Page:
Wait, what? The picture is not LHO? Wait, what? The cameras were not working that day? Then why do we have a Russian man who wrestles bears? Why is he in the official record? Who is he? Wait, what? There is a voice recording? Wait, what? They have destroyed the tape as a matter of routine practice. Wait, what? The CIA made a transcript? And, this time, they are telling the truth? Wait, what?

          Good luck, John, as you try to use the CIA as a “witness.”

          1. Do you think all the handwriting evidence was forged?

            Do you think Duran, and Mirabal, and the three guys at the Soviet Embassy are all liars?

            Is Marina a liar when she says that Oswald told her he went to Mexico City?

            What about the negative, matching the photo on the visa application, found in Oswald’s effects in Dallas?

          2. C’mon McAdams,

            Did you ever personally talk to Duran, and Mirabal, and the three guys at the Soviet Embassy?

            Do you not realize that Marina was coached and essentially brainwashed while in captivity?

            The negative matching the photo on the visa application, could certainly be another plant.

            Either you understand the means, capabilities and methods of covert activities or you’re a chump.

            You want to play the part of apologist for these spooks, then at least act like you know how such operatives work in real life.
            \\][//

          3. Did you ever personally talk to Duran, and Mirabal, and the three guys at the Soviet Embassy?

            No, but I’ve seen Duran and the Embassy guys on video, and the HSCA interviewed Mirabal.

            The negative matching the photo on the visa application, could certainly be another plant.

            What are you up to now? A couple of hundred pieces of faked or forged evidence?

            You want to play the part of apologist for these spooks, then at least act like you know how such operatives work in real life.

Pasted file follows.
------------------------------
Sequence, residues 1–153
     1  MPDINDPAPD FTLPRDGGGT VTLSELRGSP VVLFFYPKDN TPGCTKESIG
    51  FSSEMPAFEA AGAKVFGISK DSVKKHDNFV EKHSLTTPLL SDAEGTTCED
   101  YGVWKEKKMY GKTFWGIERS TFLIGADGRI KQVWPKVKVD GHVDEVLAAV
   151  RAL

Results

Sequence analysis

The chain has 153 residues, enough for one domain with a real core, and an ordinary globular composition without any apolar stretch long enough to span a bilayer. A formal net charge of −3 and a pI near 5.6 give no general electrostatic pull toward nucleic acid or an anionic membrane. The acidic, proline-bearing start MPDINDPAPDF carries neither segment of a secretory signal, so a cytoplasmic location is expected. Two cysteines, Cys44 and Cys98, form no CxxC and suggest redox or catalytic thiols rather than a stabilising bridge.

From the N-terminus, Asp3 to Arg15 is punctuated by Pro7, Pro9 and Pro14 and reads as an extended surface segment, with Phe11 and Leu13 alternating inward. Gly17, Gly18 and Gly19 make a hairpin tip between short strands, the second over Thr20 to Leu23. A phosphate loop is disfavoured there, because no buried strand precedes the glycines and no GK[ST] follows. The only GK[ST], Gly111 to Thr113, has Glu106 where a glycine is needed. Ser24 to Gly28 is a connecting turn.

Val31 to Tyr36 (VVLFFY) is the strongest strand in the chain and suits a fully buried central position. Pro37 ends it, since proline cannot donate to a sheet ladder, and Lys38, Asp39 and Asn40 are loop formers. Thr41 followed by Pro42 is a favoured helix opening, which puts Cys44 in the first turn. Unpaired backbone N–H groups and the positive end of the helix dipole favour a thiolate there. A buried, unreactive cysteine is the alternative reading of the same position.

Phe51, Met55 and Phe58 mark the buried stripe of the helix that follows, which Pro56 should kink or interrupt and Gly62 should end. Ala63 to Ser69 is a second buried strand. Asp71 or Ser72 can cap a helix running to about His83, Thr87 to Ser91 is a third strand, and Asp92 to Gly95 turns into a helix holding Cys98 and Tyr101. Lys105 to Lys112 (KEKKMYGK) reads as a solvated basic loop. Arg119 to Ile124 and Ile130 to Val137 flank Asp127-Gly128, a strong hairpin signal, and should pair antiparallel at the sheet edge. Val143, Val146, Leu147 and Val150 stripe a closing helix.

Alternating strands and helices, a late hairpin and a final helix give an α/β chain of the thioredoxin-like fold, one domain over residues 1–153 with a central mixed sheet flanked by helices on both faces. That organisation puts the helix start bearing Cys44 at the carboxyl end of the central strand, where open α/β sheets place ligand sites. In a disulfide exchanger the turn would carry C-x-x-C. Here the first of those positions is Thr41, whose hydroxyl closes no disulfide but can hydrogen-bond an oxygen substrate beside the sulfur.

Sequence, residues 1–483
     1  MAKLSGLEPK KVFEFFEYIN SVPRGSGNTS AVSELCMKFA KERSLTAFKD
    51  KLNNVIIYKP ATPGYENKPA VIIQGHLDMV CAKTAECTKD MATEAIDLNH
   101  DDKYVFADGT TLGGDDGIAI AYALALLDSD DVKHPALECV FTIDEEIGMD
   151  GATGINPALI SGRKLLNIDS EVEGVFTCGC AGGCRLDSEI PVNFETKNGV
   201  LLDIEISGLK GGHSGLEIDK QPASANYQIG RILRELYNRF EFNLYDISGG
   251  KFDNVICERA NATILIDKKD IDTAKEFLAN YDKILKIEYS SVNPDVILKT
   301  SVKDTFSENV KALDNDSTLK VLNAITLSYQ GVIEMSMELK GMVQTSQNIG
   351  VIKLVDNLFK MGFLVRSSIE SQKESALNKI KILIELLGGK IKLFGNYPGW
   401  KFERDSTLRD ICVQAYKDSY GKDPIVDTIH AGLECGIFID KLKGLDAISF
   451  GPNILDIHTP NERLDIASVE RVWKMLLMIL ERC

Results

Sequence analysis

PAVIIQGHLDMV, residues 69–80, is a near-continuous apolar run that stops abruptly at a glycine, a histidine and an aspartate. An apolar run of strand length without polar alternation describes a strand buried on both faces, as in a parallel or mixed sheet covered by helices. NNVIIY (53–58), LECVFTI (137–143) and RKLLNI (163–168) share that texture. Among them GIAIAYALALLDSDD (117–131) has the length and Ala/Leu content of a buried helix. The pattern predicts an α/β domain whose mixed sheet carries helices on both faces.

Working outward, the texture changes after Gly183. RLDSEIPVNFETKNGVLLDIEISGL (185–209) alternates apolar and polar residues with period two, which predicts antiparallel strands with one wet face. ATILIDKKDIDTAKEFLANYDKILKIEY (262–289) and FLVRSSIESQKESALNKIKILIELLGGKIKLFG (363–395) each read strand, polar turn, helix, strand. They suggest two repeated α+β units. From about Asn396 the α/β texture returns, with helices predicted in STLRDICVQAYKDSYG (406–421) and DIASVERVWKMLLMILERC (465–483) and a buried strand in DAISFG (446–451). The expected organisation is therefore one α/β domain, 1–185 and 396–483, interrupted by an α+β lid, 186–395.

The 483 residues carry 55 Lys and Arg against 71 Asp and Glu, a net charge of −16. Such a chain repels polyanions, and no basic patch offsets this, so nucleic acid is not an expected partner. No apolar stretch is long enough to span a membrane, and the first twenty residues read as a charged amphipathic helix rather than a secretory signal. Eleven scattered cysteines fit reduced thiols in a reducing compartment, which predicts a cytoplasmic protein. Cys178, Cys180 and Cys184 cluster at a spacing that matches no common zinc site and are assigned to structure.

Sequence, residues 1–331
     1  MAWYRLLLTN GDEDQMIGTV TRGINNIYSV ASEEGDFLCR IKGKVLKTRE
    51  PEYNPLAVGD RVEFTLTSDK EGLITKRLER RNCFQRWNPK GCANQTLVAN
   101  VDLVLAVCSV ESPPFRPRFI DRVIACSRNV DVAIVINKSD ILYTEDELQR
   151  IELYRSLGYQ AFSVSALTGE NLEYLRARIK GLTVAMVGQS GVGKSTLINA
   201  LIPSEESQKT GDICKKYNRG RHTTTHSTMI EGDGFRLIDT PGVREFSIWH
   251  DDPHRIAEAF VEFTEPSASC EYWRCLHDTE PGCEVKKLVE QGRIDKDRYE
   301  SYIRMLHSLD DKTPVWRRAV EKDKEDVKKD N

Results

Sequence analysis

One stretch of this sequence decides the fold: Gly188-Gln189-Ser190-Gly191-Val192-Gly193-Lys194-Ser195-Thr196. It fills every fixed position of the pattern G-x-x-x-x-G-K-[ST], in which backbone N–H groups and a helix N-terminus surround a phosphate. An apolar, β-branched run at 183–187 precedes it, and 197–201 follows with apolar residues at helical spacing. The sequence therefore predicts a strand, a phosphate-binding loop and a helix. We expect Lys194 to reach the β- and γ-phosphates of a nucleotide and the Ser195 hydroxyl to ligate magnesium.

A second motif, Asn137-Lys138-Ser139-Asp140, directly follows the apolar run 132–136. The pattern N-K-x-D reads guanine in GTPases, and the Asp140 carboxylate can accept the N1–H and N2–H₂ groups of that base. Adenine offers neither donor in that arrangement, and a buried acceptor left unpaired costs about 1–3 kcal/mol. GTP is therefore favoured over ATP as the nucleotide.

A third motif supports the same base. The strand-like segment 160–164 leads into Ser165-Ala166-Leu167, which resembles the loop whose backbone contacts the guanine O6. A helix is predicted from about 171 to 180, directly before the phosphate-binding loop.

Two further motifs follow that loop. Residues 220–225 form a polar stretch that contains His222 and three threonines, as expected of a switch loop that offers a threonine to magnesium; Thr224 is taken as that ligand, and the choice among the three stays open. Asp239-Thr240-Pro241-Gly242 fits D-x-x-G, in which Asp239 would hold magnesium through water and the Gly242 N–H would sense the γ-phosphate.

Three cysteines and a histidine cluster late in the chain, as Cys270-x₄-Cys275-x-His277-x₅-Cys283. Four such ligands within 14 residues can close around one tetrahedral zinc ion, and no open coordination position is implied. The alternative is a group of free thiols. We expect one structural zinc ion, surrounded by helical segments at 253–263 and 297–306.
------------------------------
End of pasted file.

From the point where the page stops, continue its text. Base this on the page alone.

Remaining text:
If the CIA were as competent as you think, we would have won the Cold War 20 years earlier.

          4. Do you not realize that Marina was coached and essentially brainwashed while in captivity?

            Do you realize she has stuck by her testimony to this day, even after being persuaded in the 1980s that Lee was innocent?

          5. “No, but I’ve seen Duran and the Embassy guys on video, and the HSCA interviewed Mirabal.”~McAdams

            >We Know that HSCA was no less manipulated by the Intelligence community than the WC.

            “What are you up to now? A couple of hundred pieces of faked or forged evidence?”McAdams

            >What ever it takes to accomplish the mission.

            “If the CIA were as competent as you think, we would have won the Cold War 20 years earlier.” ~McAdams

            >”incompetence” has been a modified limited hangout for the Intelligence services since they began.

            Ultimately ALL wars are theater, burlesques put on for profit by the bankers funding the arms industry and the profits of “reconstruction” after wars. The “Cold War” was not different than the hot wars of WWI and WWII.
            This maxim is as old as the Napoleonic wars if not earlier.

            I find your grasp of the architecture of political power to be quite lacking and uninformed.
            \\][//

          6. Ultimately ALL wars are theater, burlesques put on for profit by the bankers funding the arms industry and the profits of “reconstruction” after wars.

            Oh, my! I guess Hitler, Roosevelt, Stalin and Churchill were in all just staging a big show.

          7. “Oh, my! I guess Hitler, Roosevelt, Stalin and Churchill were in all just staging a big show.”
            ~McAdams

            I suggest the “professor” read Antony Sutton’s on Wall Street.
            \\][//

          1. A manuscript copy was also found. The handwriting on that copy, as well as the signature on the copy sent to the Soviet Embassy were Oswald’s.